Students with Special Needs and English Learners 

From our community survey and conversations with students, families, and educators, two of the biggest concerns that we’ve heard about distance learning are ensuring that students with special needs and English Learners (ELs) are receiving appropriate services and accommodations. From our analysis, we found that this was a strong point of the plans, with 74 explaining how they would meet the needs of their students with special needs, and 57 describing how they would support ELs. 

However, there was a wide variation in the amount of detail that the plans gave about the supports they would provide. Some districts offer only general language, while others provide more detail.  For example, Rochester Public School District describes how their English Language teachers will host weekly conferences with EL students on their caseloads, will have ongoing conversations with families, the technology they will use to support EL students, and how they will collaborate with general education teachers. 

Supporting Academic Growth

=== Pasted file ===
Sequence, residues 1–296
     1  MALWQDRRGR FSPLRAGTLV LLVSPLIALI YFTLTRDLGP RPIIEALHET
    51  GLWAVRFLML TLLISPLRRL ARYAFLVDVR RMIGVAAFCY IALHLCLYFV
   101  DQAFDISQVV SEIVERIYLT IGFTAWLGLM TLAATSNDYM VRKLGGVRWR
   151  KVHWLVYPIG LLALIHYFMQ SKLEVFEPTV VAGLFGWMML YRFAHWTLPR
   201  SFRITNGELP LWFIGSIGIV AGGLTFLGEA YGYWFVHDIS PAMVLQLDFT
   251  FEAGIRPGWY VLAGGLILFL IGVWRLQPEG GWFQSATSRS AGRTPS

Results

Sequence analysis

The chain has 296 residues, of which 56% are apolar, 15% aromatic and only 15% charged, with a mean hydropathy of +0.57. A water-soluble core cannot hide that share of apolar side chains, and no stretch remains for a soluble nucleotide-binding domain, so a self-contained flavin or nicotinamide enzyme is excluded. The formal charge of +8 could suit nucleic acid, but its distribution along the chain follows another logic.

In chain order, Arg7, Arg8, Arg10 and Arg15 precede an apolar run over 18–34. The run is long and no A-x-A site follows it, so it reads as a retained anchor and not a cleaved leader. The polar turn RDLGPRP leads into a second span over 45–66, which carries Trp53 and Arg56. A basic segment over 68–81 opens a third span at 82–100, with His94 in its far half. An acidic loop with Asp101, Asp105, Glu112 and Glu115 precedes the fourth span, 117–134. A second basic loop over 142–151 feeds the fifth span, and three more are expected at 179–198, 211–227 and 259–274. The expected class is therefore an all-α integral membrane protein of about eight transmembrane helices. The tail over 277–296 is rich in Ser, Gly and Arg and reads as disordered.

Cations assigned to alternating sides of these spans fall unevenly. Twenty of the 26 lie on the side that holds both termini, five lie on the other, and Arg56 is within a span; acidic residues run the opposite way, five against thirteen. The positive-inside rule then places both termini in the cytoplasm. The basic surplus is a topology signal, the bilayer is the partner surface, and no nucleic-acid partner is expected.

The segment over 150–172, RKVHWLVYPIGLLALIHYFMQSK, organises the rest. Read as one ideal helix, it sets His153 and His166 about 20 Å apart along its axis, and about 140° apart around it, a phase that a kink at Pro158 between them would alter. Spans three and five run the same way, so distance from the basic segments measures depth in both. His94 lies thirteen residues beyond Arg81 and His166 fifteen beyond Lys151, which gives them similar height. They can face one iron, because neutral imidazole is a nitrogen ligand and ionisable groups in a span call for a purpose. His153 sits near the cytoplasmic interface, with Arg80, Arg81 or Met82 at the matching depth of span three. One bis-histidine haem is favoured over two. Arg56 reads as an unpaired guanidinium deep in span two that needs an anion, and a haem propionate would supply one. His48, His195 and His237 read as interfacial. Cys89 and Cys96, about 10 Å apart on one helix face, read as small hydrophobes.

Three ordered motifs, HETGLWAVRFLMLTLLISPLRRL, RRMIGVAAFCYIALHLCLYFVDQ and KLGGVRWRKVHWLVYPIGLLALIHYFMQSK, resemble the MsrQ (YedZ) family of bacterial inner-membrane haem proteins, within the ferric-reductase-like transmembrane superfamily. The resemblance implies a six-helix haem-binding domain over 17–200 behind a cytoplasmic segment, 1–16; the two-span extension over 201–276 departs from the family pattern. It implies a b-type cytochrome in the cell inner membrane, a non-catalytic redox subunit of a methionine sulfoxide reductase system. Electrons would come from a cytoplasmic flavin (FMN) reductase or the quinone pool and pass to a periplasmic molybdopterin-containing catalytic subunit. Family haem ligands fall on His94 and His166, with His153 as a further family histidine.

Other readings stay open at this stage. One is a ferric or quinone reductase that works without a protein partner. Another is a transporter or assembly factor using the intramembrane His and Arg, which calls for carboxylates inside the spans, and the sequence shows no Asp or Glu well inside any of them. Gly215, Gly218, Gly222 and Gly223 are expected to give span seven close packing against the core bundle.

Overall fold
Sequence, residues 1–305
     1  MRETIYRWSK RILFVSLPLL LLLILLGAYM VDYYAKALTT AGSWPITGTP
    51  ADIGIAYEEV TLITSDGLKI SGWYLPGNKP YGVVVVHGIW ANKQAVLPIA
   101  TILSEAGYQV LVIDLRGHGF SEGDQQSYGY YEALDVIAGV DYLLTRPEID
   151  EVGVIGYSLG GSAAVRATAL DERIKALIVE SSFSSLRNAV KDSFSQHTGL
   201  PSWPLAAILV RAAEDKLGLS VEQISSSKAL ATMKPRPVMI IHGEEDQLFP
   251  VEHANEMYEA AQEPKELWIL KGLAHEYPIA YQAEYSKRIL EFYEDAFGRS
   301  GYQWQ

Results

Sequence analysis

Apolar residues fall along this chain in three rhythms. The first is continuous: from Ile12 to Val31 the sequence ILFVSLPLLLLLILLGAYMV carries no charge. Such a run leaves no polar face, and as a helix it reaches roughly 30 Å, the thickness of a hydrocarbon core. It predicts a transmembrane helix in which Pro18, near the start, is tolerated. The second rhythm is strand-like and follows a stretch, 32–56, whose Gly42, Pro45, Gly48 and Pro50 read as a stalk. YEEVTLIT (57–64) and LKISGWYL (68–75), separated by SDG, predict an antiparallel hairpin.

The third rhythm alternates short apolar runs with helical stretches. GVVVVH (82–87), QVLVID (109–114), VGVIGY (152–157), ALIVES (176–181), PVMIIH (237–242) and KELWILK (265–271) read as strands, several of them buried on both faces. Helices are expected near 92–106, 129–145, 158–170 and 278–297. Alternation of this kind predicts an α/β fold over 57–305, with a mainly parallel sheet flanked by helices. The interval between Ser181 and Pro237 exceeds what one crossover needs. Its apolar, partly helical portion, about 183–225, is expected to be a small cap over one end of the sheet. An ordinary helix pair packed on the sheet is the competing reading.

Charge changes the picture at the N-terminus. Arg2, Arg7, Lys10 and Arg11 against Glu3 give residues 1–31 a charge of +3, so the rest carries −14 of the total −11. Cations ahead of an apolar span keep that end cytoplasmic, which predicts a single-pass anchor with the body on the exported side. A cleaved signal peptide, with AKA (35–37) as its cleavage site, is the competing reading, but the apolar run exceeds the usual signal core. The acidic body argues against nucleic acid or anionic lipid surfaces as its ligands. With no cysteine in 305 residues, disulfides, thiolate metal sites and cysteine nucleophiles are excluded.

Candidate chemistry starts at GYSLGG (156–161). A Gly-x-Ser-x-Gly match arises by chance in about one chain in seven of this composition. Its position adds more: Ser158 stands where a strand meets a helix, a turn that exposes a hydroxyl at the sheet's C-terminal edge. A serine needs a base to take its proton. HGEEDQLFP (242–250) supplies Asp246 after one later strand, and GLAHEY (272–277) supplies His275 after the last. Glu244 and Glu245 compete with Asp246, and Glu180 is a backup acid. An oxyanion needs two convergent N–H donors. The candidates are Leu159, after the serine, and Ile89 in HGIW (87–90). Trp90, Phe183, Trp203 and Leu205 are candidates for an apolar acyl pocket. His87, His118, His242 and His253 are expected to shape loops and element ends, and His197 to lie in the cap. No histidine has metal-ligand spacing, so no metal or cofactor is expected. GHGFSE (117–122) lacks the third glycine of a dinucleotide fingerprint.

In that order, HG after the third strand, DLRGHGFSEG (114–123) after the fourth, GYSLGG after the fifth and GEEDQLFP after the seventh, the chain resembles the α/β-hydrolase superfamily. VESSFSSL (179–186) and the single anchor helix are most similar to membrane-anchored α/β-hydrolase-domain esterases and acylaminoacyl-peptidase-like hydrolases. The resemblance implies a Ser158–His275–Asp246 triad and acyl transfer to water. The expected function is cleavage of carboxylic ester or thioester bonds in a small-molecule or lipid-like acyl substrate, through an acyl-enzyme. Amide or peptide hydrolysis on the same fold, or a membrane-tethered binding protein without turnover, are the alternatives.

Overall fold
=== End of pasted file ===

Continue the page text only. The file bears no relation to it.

Recent projections indicate that students, and particularly those most underserved, are going to experience drastic learning loss related to COVID-19 school closures. Given this, it’s important for schools to ensure that students are learning new content and receiving feedback on their work. 

From our analysis, we found that only about a third of distance learning plans specified that students would be learning new content. For example, Farmington Public School District’s plan specifies “Learning will be delivered in a 3-day rotation, with two days of delivery of new learning opportunities and a day of check-in with staff and work completion to provide flexibility for students and family.”